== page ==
Subvocalization – something that might be slowing you down as you read these words…

Subvocalization is when, as you read, you speak the words in your head.

Up until this week, I had no idea that Subvocalization existed beyond starting to learn a language. I thought that it was a part of proficiency in a language that you could read the words without ‘saying’ them in your head. Similarly, others who do subvocalize (at least those who were in the same room I was when I heard about it) had no idea you could read without subvocalization! It’s amazing that such a used feature of our selves is so poorly identified by everyone, let alone understood by any kind of science.

I have a few pretty unscientific thoughts. One, it seems to me that I read faster because of it, and anecdotal evidence suggests this, but academic literature seems to say it doesn’t matter and there is a lot of debate. I wish that there was more research on this topic! Two, it seems essential to learn this if it does make you read faster, as this Forbes post suggests (albeit hyperbolic-ly)

If you think about our lives, we read probably 2 hours a day of blog posts, books, emails, etc. If you include work reading as well, it is probably most of the day that I am looking at and reading text. the range of comprehension reading is around 100-300 words/minute. So that’s the difference between 12,000 and 36,000 words! 24,000 words a day is 1/4th of The Hobbit- you could easily read the equivalent in words of The Hobbit once every week if you could increase your reading speed to the top of this range.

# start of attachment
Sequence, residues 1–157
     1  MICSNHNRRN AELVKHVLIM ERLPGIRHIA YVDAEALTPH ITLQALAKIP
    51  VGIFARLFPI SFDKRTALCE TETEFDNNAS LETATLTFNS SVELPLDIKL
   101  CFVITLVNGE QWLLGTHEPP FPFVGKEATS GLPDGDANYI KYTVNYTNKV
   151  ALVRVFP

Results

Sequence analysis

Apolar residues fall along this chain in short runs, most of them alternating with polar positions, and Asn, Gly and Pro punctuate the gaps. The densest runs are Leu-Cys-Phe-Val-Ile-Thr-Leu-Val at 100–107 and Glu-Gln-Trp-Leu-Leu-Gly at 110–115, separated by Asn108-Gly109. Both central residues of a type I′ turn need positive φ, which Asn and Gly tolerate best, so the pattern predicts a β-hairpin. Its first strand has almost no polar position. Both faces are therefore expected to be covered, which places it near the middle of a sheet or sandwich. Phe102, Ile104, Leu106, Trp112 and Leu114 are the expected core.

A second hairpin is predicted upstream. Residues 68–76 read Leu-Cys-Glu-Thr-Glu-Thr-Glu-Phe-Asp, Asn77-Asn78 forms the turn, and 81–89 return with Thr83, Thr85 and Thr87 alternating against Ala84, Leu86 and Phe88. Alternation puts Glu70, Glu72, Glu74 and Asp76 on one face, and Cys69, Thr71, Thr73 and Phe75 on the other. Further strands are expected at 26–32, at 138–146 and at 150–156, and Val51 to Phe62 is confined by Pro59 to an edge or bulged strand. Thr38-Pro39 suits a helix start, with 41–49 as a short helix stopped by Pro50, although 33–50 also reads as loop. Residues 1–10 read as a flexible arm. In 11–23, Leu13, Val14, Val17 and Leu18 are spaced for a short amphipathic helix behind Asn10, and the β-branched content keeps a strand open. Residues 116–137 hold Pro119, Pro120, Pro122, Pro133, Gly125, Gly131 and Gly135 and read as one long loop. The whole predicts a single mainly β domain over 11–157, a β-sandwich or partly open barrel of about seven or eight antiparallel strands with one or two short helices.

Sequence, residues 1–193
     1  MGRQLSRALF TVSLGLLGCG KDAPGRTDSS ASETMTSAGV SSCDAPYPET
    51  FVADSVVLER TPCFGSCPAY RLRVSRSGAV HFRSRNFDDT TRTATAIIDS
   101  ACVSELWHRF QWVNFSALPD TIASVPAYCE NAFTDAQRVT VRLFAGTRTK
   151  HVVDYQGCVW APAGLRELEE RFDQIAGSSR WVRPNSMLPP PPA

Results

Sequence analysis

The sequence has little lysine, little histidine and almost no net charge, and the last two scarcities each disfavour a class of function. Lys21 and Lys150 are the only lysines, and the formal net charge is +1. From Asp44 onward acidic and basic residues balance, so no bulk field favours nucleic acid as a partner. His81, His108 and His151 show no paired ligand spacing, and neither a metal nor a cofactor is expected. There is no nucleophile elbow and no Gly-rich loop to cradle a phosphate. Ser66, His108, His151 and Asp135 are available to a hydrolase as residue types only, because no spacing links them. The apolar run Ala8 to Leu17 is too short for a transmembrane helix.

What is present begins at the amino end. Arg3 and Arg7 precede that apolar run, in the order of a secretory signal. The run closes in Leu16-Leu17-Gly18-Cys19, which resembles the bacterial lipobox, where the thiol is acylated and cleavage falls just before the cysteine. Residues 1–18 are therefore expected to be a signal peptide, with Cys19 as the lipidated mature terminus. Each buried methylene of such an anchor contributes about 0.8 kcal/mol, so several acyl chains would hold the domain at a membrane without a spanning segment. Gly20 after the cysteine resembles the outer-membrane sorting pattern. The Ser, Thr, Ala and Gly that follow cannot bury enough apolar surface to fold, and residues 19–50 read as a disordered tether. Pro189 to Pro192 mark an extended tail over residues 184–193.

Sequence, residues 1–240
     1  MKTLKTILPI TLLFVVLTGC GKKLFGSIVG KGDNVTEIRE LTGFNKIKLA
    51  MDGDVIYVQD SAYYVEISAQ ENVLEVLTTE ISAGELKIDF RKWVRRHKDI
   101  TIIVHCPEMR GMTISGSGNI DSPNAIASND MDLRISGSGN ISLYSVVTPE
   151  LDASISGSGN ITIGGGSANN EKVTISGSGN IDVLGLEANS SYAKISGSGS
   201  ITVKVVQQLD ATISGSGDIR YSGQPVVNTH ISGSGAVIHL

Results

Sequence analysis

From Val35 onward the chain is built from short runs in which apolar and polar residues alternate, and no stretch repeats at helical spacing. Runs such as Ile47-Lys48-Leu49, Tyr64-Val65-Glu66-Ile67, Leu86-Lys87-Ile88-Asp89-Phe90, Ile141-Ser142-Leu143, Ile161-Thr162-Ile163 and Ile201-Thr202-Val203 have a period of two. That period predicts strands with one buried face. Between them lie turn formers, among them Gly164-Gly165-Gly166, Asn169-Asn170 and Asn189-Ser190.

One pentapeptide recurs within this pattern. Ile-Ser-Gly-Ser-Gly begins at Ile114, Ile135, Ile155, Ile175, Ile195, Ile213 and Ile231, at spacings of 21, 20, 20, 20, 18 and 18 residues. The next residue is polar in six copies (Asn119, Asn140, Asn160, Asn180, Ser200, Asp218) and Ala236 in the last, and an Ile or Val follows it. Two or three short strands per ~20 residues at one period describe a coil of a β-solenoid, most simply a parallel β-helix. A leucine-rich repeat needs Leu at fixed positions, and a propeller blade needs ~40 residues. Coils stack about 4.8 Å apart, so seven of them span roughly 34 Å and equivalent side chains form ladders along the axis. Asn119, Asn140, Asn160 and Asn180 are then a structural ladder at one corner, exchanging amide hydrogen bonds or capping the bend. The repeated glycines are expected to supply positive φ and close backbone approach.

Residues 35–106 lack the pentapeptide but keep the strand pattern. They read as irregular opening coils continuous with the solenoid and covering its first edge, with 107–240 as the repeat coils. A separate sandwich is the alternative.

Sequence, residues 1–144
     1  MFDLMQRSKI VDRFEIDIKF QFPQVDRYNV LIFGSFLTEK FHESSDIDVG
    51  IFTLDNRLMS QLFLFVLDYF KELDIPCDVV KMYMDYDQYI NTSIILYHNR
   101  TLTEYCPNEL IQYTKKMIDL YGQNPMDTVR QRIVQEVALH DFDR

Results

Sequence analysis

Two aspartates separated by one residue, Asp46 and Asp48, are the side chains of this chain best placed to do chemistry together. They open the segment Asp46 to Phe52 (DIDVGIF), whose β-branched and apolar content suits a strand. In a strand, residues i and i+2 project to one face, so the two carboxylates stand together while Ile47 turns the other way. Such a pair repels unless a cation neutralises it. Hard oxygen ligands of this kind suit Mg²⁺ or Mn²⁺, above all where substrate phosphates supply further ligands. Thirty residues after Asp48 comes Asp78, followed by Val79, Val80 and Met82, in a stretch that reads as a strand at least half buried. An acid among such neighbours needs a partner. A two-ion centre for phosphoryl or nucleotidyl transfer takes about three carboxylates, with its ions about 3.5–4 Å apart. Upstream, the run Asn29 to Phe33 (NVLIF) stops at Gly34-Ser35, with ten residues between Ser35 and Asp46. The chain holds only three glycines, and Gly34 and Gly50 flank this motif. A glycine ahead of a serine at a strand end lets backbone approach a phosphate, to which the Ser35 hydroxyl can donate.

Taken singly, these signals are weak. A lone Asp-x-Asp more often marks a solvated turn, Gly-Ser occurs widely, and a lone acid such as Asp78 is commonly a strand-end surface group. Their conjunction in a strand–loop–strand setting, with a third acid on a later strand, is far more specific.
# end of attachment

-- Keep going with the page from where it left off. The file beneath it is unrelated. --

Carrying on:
Note that this is not “Speed Reading”. Honestly I think that is useless- you miss out on every nuance and detail, and lose the point of most of the words the author wrote! The words are (usually) not there to take up space, but instead to flesh out the ideas with tricky cases, nuance, detail, emotion, and everything else human.

Which brings me to the one thing I don’t like about trying to read quickly- you do lose out on some of the interesting stuff, even when reading at regular comprehension rates. As it is, I feel like I forget most of what I read very quickly after I read it, and that sometimes I’m just a text-processing robot that might as well read those executive recaps at the end of business books. (To be fair, business books often really only contain those bullet points interspersed with anecdotal evidence that the bullet points are not all crap, so it’s probably beneficial to read just the basic theory the author is trying to get across!) It might be better to slow down and enjoy life a little more than we let ourselves, and this includes reading.

In any case, now you know subvocalization is a thing, and can choose for yourself!

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